In the rapidly changing landscape of modern cinema, where streaming, the internet and television are fast becoming the dominant mediums, the art of the short film is becoming more than a mere calling card for aspiring filmmakers. Like collections of short stories, short films are as powerful and satisfying these days as full features, if only because media is making time itself feel as if it is hurtling forward. A short music video such as This is America, by Childish Gambino, will ignite passions about race relations in America faster than any feature film. Yet this is not a particularly new phenomenon to storytelling. With few exceptions, the great literary minds of the last two centuries have flourished in the art of the short story. From Roberto Bolano to William Faulkner, smaller narratives have encapsulated powerful ideas.
A major breakthrough in the art of the short film is being carried out in Santa Monica College, where a revolutionary film program is training students in the craft of filmmaking while producing exceptional, competitive shorts. The program, under the official class title of Film 33, is headed and supervised by Salvador Carrasco, the acclaimed director of the 2000 feature The Other Conquest, a marvelous historical epic about the Spanish conquest which for a time held the rank of top grossing Mexican film ever. An early pioneer of the New Mexican Cinema, as Roger Ebert termed it in the 2000s, Carrasco has been devoting his energies to providing students a top level film education for a fraction of what you would pay at other institutions. The idea is both simple and ambitious — a college film program designed like an actual studio. The class can all pitch their ideas and the one deemed the standout is then produced. A producer, director and crew are assembled. Every rigorous, nightmarish aspect of film production is undertaken, from crowd funding to location scouting, from casting to pre and post-production.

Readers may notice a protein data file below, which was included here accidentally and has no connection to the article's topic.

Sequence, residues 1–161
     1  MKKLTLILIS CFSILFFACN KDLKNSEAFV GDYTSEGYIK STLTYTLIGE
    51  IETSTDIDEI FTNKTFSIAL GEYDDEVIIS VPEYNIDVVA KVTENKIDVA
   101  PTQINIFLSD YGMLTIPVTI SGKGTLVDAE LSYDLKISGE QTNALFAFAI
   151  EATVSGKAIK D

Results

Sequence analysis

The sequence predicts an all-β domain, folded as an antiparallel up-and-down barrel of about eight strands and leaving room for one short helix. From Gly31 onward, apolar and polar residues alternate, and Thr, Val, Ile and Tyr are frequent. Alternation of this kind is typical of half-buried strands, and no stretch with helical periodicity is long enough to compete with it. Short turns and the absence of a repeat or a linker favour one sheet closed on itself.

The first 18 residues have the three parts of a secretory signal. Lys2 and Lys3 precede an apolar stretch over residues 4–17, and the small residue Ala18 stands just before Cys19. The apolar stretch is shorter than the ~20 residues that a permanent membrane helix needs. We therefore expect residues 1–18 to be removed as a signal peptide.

Already films by the program, such as Solidarity, about Mexican and Lithuanian migrants in Los Angeles, and Cora, about an African American woman’s struggles in the Jim Crow South, have been exhibited at the Cannes Film Festival. But one of the program’s recent projects, Like a Rolling Stone, is about to make its online debut after making the rounds at various festivals and premiering at the Aero Theater in Santa Monica. Its setting is modern, but there is a primitive and classical force in its storytelling. Both survivalist tale and psychological drama, it combines genres to provide a striking metaphor for the will to pull through, and the tragedy of interrupted love. It is also a wonderful revival of the talents of the actress Carrie Finklea, who here re-emerges as an artist of underrated strengths.
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